Steam Burns Safety

Steam Burns

Where steam exists, know the risks

How do you prevent steam burns?

While the steam system is an essential component of our operations, it also presents a potential for injury.  We must all remain diligent when working with and around steam and hot condensate hoses.  Thermal burns from direct contact with steam or hot condensate are painful, require immediate treatment, and are slow to heal.  Skin exposed to 156 °F condensate for one second can result in a third-degree burn!   

What are some hazards to consider when preparing to use steam?  

Line of fire – Not just yourself, but others as well.  Industry has suffered injuries not only to individuals using steam hoses, but also when multiple employees were working on a job that required the use of a steam hose where insufficient communication resulted in accidental injury. 

Equipment failure – Always inspect steam hoses before use, and get rid of steam hoses that are worn or at risk of being compromised.  When a steam hose is no longer in use, shut the supply, properly drain, and then store the hose.  If you do experience contact with steam, seek medical attention immediately, however minor the injury may appear, as it can typically help minimize the extent of the injury.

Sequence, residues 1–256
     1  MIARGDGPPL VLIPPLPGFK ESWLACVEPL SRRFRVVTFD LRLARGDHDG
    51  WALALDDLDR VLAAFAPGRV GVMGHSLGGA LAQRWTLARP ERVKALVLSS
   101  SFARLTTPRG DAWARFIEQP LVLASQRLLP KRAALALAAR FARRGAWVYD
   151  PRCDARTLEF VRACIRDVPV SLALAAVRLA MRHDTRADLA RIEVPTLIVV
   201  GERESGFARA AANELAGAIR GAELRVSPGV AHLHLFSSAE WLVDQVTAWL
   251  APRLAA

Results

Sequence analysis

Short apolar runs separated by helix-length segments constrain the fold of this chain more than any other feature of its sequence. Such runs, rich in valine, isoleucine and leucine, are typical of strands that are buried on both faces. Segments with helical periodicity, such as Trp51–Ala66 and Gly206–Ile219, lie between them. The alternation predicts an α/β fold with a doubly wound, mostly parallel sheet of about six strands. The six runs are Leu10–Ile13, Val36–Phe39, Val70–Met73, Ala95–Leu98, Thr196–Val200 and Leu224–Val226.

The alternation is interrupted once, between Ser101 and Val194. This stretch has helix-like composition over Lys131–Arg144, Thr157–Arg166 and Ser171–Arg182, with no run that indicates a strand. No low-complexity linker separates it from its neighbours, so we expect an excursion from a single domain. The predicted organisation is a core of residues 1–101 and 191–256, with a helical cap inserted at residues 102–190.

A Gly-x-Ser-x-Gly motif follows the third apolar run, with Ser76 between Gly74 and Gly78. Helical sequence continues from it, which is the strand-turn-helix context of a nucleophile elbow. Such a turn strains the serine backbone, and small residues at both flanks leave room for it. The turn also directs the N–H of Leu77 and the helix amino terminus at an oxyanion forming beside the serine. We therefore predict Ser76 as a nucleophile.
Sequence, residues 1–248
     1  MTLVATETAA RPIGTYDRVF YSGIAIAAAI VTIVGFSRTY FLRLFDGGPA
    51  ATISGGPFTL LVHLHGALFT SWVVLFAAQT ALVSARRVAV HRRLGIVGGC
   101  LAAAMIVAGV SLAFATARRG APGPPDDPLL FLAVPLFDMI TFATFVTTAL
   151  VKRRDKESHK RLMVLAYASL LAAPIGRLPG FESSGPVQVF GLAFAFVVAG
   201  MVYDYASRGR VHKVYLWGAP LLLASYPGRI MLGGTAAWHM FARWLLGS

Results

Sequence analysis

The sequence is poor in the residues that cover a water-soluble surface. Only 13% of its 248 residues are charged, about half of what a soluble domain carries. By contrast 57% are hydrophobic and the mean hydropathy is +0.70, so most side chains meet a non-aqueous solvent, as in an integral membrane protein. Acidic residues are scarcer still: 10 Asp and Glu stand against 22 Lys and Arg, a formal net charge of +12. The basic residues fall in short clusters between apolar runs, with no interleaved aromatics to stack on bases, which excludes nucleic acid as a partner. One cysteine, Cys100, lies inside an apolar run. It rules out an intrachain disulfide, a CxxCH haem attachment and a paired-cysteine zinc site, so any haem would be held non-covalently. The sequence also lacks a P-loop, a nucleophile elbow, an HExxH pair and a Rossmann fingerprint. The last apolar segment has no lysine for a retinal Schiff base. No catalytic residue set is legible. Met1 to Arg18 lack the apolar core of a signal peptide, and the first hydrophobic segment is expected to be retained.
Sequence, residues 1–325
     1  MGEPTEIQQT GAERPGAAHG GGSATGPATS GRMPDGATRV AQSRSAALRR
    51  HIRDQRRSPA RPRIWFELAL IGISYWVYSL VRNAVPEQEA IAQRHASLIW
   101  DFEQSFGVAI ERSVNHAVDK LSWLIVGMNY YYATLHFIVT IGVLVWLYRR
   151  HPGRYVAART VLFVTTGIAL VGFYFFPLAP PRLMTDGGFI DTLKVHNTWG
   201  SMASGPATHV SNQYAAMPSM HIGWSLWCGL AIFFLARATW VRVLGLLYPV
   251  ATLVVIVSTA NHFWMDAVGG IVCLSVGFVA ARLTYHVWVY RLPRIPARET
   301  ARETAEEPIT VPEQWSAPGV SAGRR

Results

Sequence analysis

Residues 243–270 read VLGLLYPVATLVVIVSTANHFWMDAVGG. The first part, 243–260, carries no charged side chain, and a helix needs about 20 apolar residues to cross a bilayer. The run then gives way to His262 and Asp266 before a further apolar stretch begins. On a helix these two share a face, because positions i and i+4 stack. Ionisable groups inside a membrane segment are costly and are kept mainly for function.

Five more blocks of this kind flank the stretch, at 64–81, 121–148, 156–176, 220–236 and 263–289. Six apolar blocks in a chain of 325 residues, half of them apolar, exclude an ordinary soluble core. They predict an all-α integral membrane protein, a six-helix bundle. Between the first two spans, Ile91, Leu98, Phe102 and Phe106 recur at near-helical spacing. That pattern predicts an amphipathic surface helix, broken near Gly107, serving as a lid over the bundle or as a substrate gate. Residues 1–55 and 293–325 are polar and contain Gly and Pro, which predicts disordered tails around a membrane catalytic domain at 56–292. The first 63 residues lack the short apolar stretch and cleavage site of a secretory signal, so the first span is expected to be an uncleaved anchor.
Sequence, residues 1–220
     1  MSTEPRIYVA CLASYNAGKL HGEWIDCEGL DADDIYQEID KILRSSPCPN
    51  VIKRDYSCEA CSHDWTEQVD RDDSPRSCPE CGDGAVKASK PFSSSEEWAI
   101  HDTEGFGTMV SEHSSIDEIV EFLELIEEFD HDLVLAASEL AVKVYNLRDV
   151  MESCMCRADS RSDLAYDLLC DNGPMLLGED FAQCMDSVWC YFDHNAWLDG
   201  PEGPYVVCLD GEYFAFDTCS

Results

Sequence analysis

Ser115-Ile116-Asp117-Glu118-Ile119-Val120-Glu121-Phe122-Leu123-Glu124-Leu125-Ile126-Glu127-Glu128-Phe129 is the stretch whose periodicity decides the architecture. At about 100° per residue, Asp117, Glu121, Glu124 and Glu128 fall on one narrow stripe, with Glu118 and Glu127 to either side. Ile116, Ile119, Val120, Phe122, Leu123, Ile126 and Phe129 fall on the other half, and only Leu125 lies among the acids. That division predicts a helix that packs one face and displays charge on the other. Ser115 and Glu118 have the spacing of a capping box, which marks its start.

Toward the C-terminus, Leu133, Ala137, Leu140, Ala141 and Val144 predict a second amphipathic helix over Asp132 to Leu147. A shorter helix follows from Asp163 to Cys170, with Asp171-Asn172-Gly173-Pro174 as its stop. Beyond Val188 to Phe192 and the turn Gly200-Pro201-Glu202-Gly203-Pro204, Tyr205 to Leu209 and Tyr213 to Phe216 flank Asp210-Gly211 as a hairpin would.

Also consider this: High risk activities typically receive a high level of attention.  For example, we might use extreme caution when opening the valve on a steam or hot condensate hose, ensuring that the hose is not directed towards individuals or equipment.  Once in use however, especially if more than one person is involved, even a simple task such as straightening or adjusting the hose may appear to be a routine move, but the change in condition may present a potential hazard to personnel or equipment at the other end of the hose!  Also, beware of steam traps discharging on operating units. 

Remember  An injury can occur in a matter of seconds – you can help prevent this from happening by staying focused on what you are doing and communicating with others in the area, especially others involved with the task at hand. 

We all share a goal of zero incidents and zero injuries, so please keep these tips in mind, especially when working on routine jobs.  Let’s continue to work safely!